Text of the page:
“Lad,” suddenly turning round on John Halifax, “thee told me thee saw the river rising by the light of the moon. What wast THEE doing then, out o’ thy honest bed and thy quiet sleep, at eleven o’clock at night?”
John coloured violently; the quick young blood was always ready enough to rise in his face. It spoke ill for him with my father.
“Answer. I will not be hard upon thee — to-night, at least.”
“As you like, Abel Fletcher,” answered the boy, sturdily. “I was doing no harm. I was in the tan-yard.”
“Thy business there?”
“None at all. I was with the men — they were watching, and had a candle; and I wanted to sit up, and had no light.”
“What didst thee want to sit up for?” pursued my father, keen and sharp as a ferret at a field-rat’s hole, or a barrister hunting a witness in those courts of law that were never used by, though often used against, us Quakers.
John hesitated, and again his painful, falsely-accusing blushes tried him sore. “Sir, I’ll tell you; it’s no disgrace. Though I’m such a big fellow I can’t write; and your son was good enough to try and teach me. I was afraid of forgetting the letters; so I tried to make them all over again, with a bit of chalk, on the bark-shed wall. It did nobody any harm that I know of.”
The boy’s tone, even though it was rather quick and angry, won no reproof. At last my father said gently enough —
“Is that all, lad?”
Again Abel Fletcher fell into a brown study. We two lads talked softly to each other — afraid to interrupt. He smoked through a whole pipe — his great and almost his only luxury, and then again called out —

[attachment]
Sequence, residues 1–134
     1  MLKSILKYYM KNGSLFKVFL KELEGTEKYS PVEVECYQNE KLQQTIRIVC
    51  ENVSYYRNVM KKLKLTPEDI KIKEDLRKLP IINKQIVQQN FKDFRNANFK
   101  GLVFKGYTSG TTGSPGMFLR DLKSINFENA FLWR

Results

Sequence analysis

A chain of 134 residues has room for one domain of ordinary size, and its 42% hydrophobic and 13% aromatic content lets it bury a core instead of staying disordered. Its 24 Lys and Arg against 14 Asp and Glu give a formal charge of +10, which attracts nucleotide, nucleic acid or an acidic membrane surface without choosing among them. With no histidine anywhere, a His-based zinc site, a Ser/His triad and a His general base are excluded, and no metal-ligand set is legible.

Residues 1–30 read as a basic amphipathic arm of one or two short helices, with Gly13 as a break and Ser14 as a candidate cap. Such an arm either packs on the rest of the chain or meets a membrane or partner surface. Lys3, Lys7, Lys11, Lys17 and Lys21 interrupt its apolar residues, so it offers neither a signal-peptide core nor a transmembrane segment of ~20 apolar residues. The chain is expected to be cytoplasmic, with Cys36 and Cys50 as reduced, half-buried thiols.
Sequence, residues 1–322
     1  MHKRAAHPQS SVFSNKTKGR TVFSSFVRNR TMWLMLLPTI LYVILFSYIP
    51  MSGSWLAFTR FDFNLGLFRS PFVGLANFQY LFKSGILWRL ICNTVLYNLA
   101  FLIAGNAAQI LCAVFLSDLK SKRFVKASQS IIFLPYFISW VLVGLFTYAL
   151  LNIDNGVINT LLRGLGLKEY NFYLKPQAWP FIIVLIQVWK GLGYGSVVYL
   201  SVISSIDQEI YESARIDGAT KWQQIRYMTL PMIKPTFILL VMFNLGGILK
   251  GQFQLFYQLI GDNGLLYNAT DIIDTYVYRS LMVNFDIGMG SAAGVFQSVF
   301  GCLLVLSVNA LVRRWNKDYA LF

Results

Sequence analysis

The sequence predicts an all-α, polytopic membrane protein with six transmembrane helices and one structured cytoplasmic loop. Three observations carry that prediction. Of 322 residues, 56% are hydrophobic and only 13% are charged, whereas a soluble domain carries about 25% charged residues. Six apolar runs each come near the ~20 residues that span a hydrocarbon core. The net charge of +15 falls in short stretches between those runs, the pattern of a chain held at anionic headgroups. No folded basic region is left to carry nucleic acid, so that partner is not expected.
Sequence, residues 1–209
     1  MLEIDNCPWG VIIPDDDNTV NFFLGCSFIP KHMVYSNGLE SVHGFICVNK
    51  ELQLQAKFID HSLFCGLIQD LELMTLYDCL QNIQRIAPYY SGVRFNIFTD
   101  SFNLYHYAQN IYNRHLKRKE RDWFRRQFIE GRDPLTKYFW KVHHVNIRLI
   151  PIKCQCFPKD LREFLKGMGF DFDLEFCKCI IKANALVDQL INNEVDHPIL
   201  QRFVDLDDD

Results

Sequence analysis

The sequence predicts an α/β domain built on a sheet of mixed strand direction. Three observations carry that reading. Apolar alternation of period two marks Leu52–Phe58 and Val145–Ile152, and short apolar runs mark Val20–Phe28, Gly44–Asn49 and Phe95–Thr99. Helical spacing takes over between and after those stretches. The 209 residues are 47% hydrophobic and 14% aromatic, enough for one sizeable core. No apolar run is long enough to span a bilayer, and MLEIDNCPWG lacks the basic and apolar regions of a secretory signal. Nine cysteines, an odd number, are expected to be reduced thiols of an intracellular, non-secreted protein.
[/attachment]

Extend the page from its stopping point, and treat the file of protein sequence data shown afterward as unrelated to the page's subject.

“It’s time thee went away to thy work.”
“I’m going this minute. Good-bye, Phineas. Good day, sir. Is there anything you want done?”
He stood before his master, cap in hand, with an honest manliness pleasant to see. Any master might have been proud of such a servant — any father of such a son. My poor father — no, he did not once look from John Halifax to me. He would not have owned for the world that half-smothered sigh, or murmured because Heaven had kept back from him — as, Heaven knows why, it often does from us all! — the one desire of the heart.
“John Halifax, thee hast been of great service to me this night. What reward shall I give thee?”
And instinctively his hand dived down into his pocket. John turned away.
“Thank you — I’d rather not. It is quite enough reward that I have been useful to my master, and that he acknowledges it.”
My father thought a minute, and then offered his hand. “Thee’rt in the right, lad. I am very much obliged to thee, and I will not forget it.”
And John — blushing brightly once more — went away, looking as proud as an emperor, and as happy as a poor man with a bag of gold.
“Is there nothing thou canst think of, Phineas, that would pleasure the lad?” said my father, after we had been talking some time — though not about John.
I had thought of something — something I had long desired, but which seemed then all but an impossibility. Even now it was with some doubt and hesitation that I made the suggestion that he should spend every Sunday at our house.
“Nonsense! — thee know’st nought of Norton Bury lads. He would not care. He had rather lounge about all First-day at street corners with his acquaintance.”
“John has none, father. He knows nobody — cares for nobody — but me. Do let him come.”
“We’ll see about it.”
My father never broke or retracted his word. So after that John Halifax came to us every Sunday; and for one day of the week, at least, was received in his master’s household as our equal and my friend.
Last updated Monday, December 22, 2014 at 10:48